April 17, 2017
Save Our Home:
These guys are about as cute as they come. Left to right from your perspective are Herman, Irving, and Gertrude. They are named after the three baby birds my best friend and I raised when we were about eleven. Gertrude is a Chachi Tree Frog. This guy comes from Choco Rainforest, a threatened habitat in Ecuador.
In the center, Irving lives primarily in humid lowland forests and can be found in Nicaragua, Honduras, Coast Rica, Panama, Colombia, and Ecuador. He's called the Splendid Leaf Frog, and I cannot agree more. They are nocturnal and arboreal. The only time they come down from the trees is when they breed in tiny fishless pools or tree holes that have collected water.
In 2003 an on-site (in situ) conservation project was designed for the Splendid Leaf From in the Guayacan Rainforest Reserve. Since these frogs breed in water-filled cavities in standing or fallen trees, an attempt to simulate breeding sites using plastic tubs was implemented. The intention of this project was to create artificial reproductive habitats as their breeding sites in the wild had become very limited. The researchers were hoping to increase the size and vigor of the existing population. They placed tadpoles in these pools, and the project proved to be very successful. In 2007, the researchers increased the sizes of these artificial pools allowing for many more frogs to inhabit the reserve. This is one example of what conservationists have done to help these small, often overlooked groups of animals, animals that are as important as every species on the planet.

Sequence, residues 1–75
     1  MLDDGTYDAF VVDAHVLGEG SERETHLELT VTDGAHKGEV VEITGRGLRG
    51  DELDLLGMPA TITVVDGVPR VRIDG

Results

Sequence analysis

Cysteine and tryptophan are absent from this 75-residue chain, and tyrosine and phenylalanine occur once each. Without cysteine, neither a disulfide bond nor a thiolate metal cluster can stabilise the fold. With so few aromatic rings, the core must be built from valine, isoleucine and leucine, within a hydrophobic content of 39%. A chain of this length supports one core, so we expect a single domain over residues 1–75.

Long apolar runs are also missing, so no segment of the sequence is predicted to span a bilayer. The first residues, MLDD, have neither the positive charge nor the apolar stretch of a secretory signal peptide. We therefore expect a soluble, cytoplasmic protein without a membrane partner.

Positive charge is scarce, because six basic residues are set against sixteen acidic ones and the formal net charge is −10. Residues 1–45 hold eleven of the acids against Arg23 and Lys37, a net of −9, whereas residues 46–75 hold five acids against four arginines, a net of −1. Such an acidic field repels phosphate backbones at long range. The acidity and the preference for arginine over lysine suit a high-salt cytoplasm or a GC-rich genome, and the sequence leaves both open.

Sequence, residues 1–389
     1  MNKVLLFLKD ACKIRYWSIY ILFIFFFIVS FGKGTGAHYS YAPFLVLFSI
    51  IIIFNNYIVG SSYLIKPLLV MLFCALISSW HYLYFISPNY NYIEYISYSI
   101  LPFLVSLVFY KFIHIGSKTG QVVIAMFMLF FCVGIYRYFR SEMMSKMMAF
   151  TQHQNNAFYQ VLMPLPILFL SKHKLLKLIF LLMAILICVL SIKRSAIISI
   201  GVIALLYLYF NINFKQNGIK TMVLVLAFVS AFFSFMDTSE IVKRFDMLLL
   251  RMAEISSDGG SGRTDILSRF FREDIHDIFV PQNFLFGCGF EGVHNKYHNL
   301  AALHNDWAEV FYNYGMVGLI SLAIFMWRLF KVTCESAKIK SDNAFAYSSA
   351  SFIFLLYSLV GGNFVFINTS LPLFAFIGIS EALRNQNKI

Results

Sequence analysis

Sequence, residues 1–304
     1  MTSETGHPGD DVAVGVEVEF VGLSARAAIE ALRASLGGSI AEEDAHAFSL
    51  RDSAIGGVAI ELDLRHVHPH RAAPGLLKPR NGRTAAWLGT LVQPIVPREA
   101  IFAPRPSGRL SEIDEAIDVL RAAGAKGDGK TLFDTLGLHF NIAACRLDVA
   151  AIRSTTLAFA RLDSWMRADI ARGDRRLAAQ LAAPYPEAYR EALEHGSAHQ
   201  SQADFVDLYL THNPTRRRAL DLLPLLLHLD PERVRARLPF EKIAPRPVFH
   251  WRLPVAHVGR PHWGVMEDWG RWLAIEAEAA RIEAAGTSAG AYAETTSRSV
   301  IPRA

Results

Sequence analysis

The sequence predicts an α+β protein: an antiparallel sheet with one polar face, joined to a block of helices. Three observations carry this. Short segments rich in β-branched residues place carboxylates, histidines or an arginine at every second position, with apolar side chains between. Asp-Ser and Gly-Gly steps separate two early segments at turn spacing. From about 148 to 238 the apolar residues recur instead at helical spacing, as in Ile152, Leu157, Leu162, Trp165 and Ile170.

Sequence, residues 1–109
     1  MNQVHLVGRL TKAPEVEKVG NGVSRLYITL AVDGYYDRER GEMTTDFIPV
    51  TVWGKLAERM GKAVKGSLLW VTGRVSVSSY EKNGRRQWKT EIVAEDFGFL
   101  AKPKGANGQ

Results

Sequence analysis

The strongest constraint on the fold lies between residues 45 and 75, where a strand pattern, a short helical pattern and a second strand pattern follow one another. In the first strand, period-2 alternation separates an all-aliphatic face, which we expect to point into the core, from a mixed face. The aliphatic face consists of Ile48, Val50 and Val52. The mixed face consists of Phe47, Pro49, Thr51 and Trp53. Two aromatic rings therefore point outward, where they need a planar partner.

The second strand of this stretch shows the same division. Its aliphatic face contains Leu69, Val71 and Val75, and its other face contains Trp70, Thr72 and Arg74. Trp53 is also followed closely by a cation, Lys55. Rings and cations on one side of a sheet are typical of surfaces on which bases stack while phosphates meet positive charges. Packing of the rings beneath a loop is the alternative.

Herman is a Troschel's Tree Frog also found throughout South America. They, too, live in subtropical or tropical moist lowland forests and rivers. Their habitat is also threatened.
If you find yourself out and about in areas where frogs live, be careful. Unless you know your frogs, do not touch. Some of their secret lethal substances as a protection against predation. It works. Your beautiful eyes may have Xs in them.